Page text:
In southeastern Mongolia, roughly halfway between Ulaanbaatar and Beijing, lies an ancient crater. Tabun Khara Obo (sometimes spelled with hyphens) was first identified as a probable impact crater in 1976, although confirmation of the hypothesis only occurred decades later. Drilling at the site in 2008 revealed rock features consistent with high-speed impacts such as those caused by meteorites.
The Advanced Land Imager (ALI) on NASA’s Earth Observing-1 (EO-1) satellite acquired this true-color image on August 28, 2009. Sunlight shines from the southeast, leaving the northern and western slopes in shadow. The crater’s rim rises some 20 to 30 meters (65 to 100 feet) above the crater bottom. The crater occurs on a block of Proterzoic rock more than 600 million years old, but the crater’s age—which may be considerably younger—has not yet been identified.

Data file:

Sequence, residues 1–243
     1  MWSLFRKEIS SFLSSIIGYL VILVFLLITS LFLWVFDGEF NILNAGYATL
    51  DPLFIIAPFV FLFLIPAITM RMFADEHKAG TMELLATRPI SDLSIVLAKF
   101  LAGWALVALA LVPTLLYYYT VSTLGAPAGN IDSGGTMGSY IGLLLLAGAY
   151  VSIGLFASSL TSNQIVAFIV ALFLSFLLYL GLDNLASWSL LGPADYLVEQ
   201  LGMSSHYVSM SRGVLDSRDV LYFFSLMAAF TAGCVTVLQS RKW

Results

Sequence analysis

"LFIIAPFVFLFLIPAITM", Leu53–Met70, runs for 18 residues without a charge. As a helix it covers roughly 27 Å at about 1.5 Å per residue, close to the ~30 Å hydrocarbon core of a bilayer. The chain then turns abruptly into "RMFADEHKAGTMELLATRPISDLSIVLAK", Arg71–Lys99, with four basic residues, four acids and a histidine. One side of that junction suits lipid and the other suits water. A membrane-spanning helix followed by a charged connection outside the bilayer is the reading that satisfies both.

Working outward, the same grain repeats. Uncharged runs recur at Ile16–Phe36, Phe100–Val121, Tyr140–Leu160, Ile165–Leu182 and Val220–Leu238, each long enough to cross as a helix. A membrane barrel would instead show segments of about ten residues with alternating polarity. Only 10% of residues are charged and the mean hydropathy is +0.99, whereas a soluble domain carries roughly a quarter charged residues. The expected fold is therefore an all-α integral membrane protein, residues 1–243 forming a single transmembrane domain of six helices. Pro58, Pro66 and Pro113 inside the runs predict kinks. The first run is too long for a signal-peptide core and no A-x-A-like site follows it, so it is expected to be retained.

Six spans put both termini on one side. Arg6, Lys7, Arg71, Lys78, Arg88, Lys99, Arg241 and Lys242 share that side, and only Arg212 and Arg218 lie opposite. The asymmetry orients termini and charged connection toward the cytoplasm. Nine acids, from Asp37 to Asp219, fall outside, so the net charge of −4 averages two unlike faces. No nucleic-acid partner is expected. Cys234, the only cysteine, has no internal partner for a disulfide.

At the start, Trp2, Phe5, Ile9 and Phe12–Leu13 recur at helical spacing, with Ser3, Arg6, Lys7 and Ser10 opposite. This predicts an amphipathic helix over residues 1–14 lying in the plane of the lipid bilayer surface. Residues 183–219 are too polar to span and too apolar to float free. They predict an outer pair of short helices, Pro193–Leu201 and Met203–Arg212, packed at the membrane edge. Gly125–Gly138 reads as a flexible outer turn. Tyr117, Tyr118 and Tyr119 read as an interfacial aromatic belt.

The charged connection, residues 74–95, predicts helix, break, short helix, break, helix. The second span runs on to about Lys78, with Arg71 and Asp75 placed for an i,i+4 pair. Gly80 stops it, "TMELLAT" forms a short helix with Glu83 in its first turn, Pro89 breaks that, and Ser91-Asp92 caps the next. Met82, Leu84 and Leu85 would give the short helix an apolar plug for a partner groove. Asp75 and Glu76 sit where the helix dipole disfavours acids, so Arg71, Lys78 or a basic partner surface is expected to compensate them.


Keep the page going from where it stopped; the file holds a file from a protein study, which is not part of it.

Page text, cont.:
The dark, irregularly shaped area in the lower right corner of the image results from vegetation, likely occurring along a river channel. For the most part, the scene shows an earth-toned, arid landscape.
NASA image created by Jesse Allen, using EO-1 ALI data provided courtesy of the NASA EO-1 Team. Caption by Michon Scott.
Acquired on August 28, 2009, this true-color image shows the Tabun Khara Obo in southeastern Mongolia. Sunlight shines from the southeast, leaving the crater’s northern and western slopes in shadow.
Anderson, P., Ochirbat, M. (2004). The Tavan Har Impact Crater, eastern Gobi, Mongolia: A study of impact related features, Seventeenth Annual Keck Research Symposium in Geology Proceedings. Keck Geology Consortium, Northfield, MN.
Earth Impact Database. Tabun-Khara-Obo. Planetary and Space Science Centre, University of New Brunswick. Accessed September 4, 2009.